In fact, while a majority (92%) of the companies involved in the study decided to continue the trial beyond the six-month deadline, 18 companies decided to make the four-day workweek the new standard at their company.
How do I know if a 4-day workweek is right for my organization?
While the data from the six-month study from Cambridge University and Boston College are compelling, basing your decision on what works for other companies isn’t the best idea. Most companies are basing their switch to a four-day workweek on subjective data, like surveys, which can lead to uncertainty.
The best way to determine if a four-day workweek is right for your business is to use a workforce analytics tool like ActivTrak to give you more granular data and insights into the impact in your specific organization. You can still use surveys to collect sentiment data, but combining those responses with actual business results and productivity data (such as focus and productive time) will give you the most accurate view of how a four-day workweek impacts your organization.
How to run a 4-day workweek trial at your organization
There are a number of steps to setting up a four-day workweek trial in your organization.
1. Determine your approach
In order to run a successful trial, you’ll need to decide what the scope of the four-day workweek trial will be. Start by defining which employees will be included, whether it’s the full organization, a single team, or subsets within teams. You’ll also need to determine which structure you’ll be using, whether it’s Fridays off or a shortened work day. Dividing employees into two groups will help set up conditions for an A/B testing trial.
2. Set a time limit
In order to get better data, you’ll need to determine how long your trial period will last. The UK study was six months long, and yielded enough data to allow some companies to make big decisions. A single month may not produce enough data for you to truly understand benefits, but if the trial is too long, you’ll lose sight of the goal. Three to six months is a good time to measure the effects of a four-day workweek.
3. Define how you’ll measure success (or failure)
Determining what success means during this type of trial will depend on your business and specific organizational goals. Some success metrics may include:
- Revenue, sales numbers, and other top-level metrics
- Employee sentiment and morale
- Digital work activity data
4. Manage reporting
Once you’ve set your metrics, you’ll need to set up reporting so you can see what the data is telling you. You’ll need before and after comparisons, changes over time, and to see how metrics impact each other.
Example: Running a 4-day workweek trial with ActivTrak
ActivTrak is a workforce productivity and analytics SaaS platform that helps organizations understand how people work. The platform includes an Impact Analysis feature that helps you measure the effectiveness and impact of a four-day workweek trial on your organization. With it, your organization can create and manage segments of employees whose work habits they want to compare. You can view this data in the Impact Analysis Dashboard to see a side-by-side comparison of key productivity and utilization metrics across the span of the trial. Below is an example of how to set up a 4-day workweek trial with the Activtrak platform:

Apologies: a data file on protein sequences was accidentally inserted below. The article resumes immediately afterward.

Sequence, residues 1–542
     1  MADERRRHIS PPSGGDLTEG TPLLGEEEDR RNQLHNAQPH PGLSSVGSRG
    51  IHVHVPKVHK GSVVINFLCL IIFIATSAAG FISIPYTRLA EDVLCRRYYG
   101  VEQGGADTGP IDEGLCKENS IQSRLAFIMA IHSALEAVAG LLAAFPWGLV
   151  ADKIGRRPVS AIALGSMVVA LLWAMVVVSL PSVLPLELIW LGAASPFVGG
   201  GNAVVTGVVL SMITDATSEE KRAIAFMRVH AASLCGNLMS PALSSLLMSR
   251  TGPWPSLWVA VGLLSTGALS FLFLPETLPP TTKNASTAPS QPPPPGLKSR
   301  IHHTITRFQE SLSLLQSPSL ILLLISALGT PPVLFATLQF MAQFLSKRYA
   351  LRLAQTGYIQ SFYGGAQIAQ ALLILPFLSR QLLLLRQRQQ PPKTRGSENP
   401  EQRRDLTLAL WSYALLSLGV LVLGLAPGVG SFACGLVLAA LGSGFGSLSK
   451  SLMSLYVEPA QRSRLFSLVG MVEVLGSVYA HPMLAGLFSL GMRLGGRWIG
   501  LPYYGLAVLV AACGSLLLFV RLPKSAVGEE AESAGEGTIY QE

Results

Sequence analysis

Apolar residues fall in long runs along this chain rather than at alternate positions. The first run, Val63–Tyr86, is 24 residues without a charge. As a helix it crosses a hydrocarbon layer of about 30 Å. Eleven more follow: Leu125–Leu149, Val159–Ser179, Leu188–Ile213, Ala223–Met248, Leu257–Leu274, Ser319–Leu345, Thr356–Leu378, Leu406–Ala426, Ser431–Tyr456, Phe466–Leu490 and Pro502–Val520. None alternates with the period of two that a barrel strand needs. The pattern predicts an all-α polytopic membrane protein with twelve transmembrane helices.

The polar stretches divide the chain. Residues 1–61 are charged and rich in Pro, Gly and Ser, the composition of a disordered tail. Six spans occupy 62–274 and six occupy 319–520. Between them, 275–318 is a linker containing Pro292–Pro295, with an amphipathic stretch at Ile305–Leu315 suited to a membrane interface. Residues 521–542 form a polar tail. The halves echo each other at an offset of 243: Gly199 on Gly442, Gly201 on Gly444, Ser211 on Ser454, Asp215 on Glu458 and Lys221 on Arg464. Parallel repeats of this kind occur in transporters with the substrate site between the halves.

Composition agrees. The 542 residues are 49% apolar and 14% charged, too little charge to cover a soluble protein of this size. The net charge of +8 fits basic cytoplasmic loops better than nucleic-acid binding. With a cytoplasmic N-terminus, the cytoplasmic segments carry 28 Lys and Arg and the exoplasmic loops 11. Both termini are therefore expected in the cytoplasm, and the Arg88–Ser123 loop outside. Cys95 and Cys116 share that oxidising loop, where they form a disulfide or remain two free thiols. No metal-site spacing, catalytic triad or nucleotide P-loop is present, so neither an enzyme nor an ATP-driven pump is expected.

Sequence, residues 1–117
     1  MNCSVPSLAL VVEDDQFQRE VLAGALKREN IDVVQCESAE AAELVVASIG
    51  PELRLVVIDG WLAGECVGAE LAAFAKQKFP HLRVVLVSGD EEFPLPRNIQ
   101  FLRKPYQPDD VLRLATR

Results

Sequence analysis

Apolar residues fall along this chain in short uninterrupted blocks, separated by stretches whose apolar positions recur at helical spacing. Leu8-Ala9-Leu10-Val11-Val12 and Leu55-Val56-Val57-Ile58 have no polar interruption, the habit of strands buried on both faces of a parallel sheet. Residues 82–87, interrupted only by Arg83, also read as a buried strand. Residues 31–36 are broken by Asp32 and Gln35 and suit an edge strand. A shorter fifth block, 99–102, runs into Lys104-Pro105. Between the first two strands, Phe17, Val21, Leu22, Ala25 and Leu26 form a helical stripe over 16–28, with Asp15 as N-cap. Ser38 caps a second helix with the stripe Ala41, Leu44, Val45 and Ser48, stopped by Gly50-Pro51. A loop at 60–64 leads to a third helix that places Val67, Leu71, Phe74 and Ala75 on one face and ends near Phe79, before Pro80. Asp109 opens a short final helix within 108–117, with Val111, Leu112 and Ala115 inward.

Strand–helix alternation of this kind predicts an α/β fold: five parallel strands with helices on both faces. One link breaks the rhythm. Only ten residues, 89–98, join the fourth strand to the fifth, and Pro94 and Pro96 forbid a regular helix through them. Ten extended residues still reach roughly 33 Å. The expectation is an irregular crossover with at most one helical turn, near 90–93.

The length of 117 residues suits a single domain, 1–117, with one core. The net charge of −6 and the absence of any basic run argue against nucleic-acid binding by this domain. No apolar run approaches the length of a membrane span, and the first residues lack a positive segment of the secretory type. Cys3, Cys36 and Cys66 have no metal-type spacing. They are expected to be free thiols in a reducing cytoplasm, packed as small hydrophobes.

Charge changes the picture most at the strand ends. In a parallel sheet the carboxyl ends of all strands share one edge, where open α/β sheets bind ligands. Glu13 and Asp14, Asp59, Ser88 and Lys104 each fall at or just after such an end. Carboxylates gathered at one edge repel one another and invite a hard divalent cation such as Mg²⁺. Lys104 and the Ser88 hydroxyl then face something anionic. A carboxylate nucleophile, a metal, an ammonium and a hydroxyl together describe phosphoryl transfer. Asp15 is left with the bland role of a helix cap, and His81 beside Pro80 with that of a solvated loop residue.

- If you’re not already an ActivTrak customer, you’ll need to set up a free trial.
- Using the Impact Analysis feature, you’ll want to divide your employees into two groups: Segment A, the control group, which has a five-day workweek, and Segment B, the test group, which has a four-day workweek. Both groups should be spread across all of the organization’s locations, and the trial would run for one quarter.
- Look at the dashboards and live reports to analyze and compare screen time, productive hours, utilization and workday span to understand if your team members with a four-day workweek are working longer hours — risking burnout in order to get their work done in a shorter time frame. Expectations are that the productive hours per day and focused hours per day would be higher on a four-day workweek, but not so high as to indicate over-utilization.
Implement a 4-day workweek trial to uncover benefits for your organization
A four-day workweek may be the next step in labor standards and productivity in the U.S. and elsewhere, but knowing if it’s the right structure for your business means understanding its impact. Running a trial of a four-day workweek is the best way to determine if your organization will benefit from a four-day workweek.
If your organization is ready to test out the four-day workweek, get a demo of ActivTrak Impact Analysis.